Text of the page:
Attention fiction writers: My annual “Revising Fiction” has been scheduled to begin on March 16, 2017, and is now open for registration.
For those who are not familiar with it, this intensive online workshop is for writers with a completed draft of a novel or a body of short stories to work on bringing their fiction to the next level. Whether it’s a first draft or a 10th, participants’ books will undergo a process that will result in much stronger manuscripts, along with tools they can apply to everything they write in the future. This is the most advanced workshop I offer; it’s geared not only to talented aspiring writers but also to published writers who know how important it is to keep growing their craft. Please note that the workshop requires a significant investment of time, typically 10 to 16 hours a week over 14 weeks—but that includes time spent editing your own work.
Getting published is hard; staying published may be even harder. Writing for one of the big five houses is to writers what playing professionally is to athletes: in addition to talent, you have to be at the top of your game to have a chance. Athletes train for years to reach that level. Some writers expect to achieve it with the first story they write. Very few do. Most published writers have had to go back of the same book time and time again, or write another with the lessons learned from writing the first, before they break into print. Editing is an essential part of the writing process, and the one most often neglected. First drafts are where writers capture the story, pinning it to paper so it can’t escape. Subsequent drafts are where they turn that raw material into art.
When I was an agent, the hardest submissions to reject with were the ones that came within a draft or two of being publishable. Often these were books by talented writers whose execution doesn’t quite measure up to their talent. They weren’t salable as written, and like most agents, I didn’t have time to teach aspiring writers how to finish their work.
Now more than ever, writers are expected to learn the craft on their own dime.
That craft includes the essential ability to self-edit, the final step in the actual writing of the book, before it is taken up by an agent or publisher. As William Zinsser said, “Rewriting is where the game is won or lost; rewriting is the essence of writing.” But of course that’s easier said than done. Most writers want to revise their work, to bring it closer to the ideal novel they envisioned when they set out on this journey. They know that, no matter how impeccable we are, our first drafts are just a rough approximation of what our stories are meant to be. Editing is not just a matter of chipping away excess bits or changing a word here and there. It also entails building up, shifting emphasis, adding or omitting characters and subplots, clarifying and enhancing theme.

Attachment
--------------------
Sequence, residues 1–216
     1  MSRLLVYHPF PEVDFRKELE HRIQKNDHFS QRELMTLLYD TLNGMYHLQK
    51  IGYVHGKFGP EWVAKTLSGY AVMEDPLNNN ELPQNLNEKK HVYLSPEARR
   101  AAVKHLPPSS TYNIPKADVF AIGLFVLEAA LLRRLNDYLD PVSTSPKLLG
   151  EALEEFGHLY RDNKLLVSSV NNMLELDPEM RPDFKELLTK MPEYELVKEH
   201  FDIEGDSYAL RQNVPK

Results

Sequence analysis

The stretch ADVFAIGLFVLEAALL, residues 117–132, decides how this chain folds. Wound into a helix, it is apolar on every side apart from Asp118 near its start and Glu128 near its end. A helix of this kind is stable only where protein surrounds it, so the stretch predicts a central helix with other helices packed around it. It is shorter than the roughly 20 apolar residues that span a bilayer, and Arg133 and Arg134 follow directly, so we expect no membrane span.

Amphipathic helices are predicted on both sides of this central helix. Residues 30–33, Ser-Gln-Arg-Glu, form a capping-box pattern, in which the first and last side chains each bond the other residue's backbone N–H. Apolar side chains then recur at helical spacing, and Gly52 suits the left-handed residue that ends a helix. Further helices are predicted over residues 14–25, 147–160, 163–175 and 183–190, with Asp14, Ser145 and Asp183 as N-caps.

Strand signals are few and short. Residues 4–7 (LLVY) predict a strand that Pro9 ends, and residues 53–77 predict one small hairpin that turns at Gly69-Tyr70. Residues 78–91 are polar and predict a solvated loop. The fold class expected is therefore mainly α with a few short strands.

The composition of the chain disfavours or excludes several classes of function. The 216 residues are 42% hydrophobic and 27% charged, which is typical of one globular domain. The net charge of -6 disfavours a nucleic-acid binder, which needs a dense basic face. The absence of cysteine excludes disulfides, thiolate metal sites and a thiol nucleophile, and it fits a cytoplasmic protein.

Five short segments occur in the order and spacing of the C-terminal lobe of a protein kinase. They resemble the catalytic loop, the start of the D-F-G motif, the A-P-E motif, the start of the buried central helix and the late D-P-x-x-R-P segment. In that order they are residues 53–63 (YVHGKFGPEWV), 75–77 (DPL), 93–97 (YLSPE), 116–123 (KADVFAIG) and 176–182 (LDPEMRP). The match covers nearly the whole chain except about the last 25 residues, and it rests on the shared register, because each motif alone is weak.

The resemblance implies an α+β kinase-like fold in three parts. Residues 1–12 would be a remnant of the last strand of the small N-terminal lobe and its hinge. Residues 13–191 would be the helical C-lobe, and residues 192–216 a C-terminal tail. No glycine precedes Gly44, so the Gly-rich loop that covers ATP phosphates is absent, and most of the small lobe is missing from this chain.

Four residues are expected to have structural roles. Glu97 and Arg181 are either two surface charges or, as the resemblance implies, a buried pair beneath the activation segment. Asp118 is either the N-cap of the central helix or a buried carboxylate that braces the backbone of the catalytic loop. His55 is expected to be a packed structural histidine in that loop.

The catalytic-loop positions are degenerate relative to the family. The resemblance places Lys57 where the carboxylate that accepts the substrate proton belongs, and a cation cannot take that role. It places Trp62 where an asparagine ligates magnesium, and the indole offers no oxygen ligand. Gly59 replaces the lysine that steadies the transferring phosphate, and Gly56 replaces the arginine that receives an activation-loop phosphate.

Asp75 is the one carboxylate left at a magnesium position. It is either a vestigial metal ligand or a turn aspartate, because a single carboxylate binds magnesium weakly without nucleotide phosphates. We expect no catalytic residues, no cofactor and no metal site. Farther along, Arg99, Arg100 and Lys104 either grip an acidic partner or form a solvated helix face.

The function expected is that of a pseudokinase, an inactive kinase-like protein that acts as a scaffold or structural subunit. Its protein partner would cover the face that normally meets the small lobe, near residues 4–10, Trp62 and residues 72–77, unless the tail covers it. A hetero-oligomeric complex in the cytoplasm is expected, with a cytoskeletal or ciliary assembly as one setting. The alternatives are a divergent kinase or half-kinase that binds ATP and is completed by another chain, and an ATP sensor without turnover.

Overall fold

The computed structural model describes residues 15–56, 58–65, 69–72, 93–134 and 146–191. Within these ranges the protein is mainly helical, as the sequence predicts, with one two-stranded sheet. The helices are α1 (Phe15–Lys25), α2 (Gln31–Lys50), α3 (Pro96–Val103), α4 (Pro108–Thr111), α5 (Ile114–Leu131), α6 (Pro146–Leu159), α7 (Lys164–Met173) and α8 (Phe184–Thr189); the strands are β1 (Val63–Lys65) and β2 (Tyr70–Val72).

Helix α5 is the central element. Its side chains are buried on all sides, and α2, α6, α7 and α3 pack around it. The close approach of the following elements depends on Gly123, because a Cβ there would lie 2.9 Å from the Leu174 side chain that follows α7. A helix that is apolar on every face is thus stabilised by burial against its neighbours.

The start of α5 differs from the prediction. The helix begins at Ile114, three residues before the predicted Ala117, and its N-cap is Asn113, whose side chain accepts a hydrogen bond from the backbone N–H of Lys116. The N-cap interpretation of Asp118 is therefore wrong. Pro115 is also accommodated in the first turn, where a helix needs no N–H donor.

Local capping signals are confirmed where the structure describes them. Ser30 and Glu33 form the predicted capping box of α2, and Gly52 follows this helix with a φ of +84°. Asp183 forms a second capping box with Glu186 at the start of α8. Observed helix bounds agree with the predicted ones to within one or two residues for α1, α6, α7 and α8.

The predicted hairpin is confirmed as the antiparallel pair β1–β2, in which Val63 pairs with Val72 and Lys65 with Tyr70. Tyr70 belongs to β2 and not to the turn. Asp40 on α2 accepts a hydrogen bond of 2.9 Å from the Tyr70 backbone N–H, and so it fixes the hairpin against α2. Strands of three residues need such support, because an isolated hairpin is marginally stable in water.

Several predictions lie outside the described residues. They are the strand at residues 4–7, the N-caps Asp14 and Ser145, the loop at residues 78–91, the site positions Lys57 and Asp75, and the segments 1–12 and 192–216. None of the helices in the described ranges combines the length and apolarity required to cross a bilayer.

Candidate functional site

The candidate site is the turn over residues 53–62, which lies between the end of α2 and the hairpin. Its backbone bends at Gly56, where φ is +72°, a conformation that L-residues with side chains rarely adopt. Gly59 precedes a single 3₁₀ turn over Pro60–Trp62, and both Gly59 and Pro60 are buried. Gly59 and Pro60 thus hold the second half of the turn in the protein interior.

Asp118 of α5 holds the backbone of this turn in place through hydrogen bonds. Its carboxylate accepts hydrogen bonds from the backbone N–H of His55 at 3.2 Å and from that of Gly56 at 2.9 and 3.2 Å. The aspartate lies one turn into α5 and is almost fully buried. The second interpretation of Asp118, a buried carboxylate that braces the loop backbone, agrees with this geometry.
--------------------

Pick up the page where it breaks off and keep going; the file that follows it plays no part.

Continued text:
Good writers are good editors.
Everyone knows that, and everyone aspires; but there are obstacles to effective self-editing. One is the difficulty of getting feedback of a quality high enough to raise our level of play. Another is the fact that by the time we finish a complete draft of the work, we’ve read it too often to address it with the objectivity required for editing. The “Revising Fiction” workshop was created to address both those problems, and to provide fiction writers with a methodical way of going about revision.
I’m proud that quite a few writers who’ve taken this workshop have gone on to find agents and publishers, but there’s no guarantee of that outcome. All I promise is that participants will come out of the course with better drafts and more tools in their writers’ toolbox. I back that up with a money-back guarantee: anyone who takes this course and decides within a few weeks that it’s not appropriate can withdraw and get their tuition back. I teach the course myself, read and critique every word by every participant, oversee peer critiques, guide discussions, provide lectures and supplementary material.
WHO I AM: I’ve worked in publishing and as a writer for over 40 years. I started out working for Fawcett Books, then a top paperback house. After that I became a literary agent, founding and running my own agency for 14 years. I also know the publishing world from the perspective of a writer, having had eight novels and several works of nonfiction published by major houses, including Viking/Penguin, Simon & Schuster, Doubleday and Morrow. I edit fiction and teach fiction writing, formerly at Hofstra University and SUNY, currently in my own online Next Level workshops.
That’s the short version. Here’s a longer one.
HOW TO REACH ME: If you’d like to apply for the Revising Fiction workshop or have any questions about it, email me at email@example.com.
WHAT YOU NEED:
- A completed draft.
- Time. Most writers have day jobs, and I don’t expect you to quit yours or neglect your family, at least not totally. But you will need to carve out a minimum of 10-12 hours a week to devote to the workshop and your own editing.
- Dough. Tuition is $795, much less than you’d pay for an equivalent semester-long university course, but still a chunk of money. Don’t send any now, though! I’ll ask accepted students for a deposit after putting together my roster. There is a 10% discount for returning students.
- A writing sample, specifically the first five or six pages of your novel.
- An open mind.
Don’t wait too long if you’re interested. I keep these workshops very small because I spend so much time working with each writer; and I try to put together groups that are compatible but varied. It’s not always possible for me to offer every applicant a spot, but one way or another, you’ll definitely hear back from me. I generally offer only one of these workshops each year. If the timing isn’t right for you, but you know a writer for whom it might be perfect, please pass the word along.
And now, may the wild rumpus begin!